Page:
Protect Property Values

Posted:  Monday, February 17, 2014 - 4:00pm
- Private group -
Much has been written on the issues surrounding Fox Hill, on almost every conceivable argument, pro and con, to the possibility of rezoning a property for a Mclean rehabilitation hospital. But a topic that is perhaps most important of all has received scant attention—the impact on our property values. 

We are all very eager for a more robust local economy and more jobs, but let’s not lose sight of how critical it is to protect the value of our single largest asset: our homes. Many of us count on our home values as collateral for college loans, as financial security, as a way to fund retirement. We simply assume that our houses will retain their value should we wish or need to sell them. 

We fear that allowing a drug rehabilitation facility to open in the heart of our residential area threatens the stability of Camden’s property values, not necessarily the one McLeans has proposed, but the others that will inevitably follow. Let’s be honest: potential buyers do not look favorably on drug addicts as neighbors. Nor do they wish to invest their life savings in a home, or neighborhood, that is open to hospitals, clinics, or rehab centers. We are frankly worried about Pandora’s Box. If Camden allows this one exception, it won’t be an exception for long.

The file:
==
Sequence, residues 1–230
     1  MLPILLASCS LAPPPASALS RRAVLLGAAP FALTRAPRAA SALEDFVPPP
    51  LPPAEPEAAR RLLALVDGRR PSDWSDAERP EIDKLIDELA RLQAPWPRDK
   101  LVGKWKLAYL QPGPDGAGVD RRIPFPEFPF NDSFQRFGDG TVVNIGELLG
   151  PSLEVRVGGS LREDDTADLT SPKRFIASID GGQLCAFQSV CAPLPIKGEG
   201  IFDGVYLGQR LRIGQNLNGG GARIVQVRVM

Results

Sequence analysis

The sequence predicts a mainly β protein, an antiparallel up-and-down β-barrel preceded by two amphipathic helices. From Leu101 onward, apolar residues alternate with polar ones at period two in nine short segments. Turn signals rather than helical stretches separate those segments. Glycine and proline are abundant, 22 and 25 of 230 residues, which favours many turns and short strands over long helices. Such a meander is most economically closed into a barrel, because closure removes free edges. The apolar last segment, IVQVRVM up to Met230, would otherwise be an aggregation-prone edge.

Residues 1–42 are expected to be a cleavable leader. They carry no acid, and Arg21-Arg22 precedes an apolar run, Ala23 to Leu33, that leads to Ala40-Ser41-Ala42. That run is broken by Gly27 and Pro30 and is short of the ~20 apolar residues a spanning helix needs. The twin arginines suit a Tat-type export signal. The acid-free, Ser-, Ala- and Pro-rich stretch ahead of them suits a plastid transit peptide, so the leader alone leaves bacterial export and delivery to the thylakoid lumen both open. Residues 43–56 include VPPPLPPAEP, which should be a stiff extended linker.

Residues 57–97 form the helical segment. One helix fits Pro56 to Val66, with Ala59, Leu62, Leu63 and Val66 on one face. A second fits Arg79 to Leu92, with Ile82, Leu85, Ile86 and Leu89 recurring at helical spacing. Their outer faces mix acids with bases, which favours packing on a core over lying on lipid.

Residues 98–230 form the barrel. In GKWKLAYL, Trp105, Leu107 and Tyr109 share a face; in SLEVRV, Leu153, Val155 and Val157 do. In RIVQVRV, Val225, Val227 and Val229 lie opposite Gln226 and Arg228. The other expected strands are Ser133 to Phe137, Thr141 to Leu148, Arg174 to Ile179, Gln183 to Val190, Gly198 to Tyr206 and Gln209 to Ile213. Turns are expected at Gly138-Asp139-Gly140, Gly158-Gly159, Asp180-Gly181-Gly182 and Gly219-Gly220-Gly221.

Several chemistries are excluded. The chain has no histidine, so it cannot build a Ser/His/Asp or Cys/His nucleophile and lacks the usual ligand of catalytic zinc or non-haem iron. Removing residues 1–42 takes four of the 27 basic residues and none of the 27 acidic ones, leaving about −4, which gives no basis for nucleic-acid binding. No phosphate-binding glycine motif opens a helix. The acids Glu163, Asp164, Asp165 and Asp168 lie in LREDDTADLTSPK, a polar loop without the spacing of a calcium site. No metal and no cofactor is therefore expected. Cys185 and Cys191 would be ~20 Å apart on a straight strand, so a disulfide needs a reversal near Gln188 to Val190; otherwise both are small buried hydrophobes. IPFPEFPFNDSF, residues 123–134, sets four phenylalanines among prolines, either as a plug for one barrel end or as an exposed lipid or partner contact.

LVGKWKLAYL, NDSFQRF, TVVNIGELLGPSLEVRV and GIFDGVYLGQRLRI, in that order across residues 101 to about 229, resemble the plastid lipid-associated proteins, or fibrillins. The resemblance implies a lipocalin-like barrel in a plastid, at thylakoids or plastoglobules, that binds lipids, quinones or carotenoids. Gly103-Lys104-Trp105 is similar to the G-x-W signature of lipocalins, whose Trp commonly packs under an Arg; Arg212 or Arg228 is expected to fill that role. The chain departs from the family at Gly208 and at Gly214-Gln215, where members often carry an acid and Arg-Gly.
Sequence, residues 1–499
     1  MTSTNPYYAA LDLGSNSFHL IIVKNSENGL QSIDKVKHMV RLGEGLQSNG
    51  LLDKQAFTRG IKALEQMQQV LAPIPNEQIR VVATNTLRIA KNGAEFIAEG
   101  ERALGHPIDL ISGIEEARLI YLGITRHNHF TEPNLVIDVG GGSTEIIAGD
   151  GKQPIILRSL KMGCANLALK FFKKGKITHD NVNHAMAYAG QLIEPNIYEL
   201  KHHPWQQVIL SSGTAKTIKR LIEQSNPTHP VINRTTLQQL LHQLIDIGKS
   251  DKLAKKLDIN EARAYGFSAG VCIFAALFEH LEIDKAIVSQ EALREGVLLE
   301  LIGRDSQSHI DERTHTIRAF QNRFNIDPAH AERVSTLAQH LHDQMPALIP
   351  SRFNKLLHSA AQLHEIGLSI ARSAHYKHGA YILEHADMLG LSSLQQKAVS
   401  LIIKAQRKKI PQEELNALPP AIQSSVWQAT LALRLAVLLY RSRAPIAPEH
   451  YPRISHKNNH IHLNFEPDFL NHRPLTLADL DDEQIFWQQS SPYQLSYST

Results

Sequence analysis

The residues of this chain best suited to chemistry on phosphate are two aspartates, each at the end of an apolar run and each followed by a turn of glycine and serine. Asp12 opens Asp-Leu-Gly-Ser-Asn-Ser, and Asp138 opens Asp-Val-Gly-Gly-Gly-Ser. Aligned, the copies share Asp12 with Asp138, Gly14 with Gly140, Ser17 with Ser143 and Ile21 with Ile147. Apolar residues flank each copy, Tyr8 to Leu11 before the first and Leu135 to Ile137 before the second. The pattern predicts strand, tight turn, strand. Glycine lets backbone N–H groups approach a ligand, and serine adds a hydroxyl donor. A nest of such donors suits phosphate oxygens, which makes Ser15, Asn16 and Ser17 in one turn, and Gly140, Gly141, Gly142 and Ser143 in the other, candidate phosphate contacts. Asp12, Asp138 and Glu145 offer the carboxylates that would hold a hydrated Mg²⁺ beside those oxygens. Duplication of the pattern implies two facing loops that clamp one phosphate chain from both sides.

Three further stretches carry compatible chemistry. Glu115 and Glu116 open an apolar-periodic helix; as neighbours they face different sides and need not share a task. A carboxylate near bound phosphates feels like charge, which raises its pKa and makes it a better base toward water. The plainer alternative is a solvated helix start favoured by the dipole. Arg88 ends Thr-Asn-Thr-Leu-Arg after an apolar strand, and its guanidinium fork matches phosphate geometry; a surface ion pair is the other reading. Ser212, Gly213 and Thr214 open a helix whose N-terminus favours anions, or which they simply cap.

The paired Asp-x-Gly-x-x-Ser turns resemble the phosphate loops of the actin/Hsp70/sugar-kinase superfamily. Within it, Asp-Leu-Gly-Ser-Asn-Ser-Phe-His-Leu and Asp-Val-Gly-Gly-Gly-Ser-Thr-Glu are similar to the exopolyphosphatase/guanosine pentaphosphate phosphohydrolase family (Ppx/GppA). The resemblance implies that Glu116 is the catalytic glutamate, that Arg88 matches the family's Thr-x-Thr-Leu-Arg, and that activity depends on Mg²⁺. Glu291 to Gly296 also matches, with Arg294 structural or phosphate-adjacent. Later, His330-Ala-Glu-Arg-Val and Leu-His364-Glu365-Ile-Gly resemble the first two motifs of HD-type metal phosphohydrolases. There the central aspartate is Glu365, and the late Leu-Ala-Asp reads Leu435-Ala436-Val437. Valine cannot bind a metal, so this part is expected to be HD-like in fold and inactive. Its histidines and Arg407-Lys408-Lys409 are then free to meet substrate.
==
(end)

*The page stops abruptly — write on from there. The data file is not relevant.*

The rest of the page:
If you doubt the very serious downside of altering our zoning to allow rehab clinics, I encourage you to where 37 links take you to unsettling news accounts from communities across the country struggling with the chaos in their previously tranquil neighborhoods, towns, and cities. It will scare you. And if you are tempted by the, “Well that won’t happen here in lovely Camden” mentality, note that 26 local realtors have warned us of this danger in their December 12th letter to the Pen Bay Pilot. There they state, “People purchase homes in Camden because they appreciate the character and quality of our community. One of the primary purposes of the zoning ordinance is to “protect existing neighborhoods.”

Charlie & Julie Cawley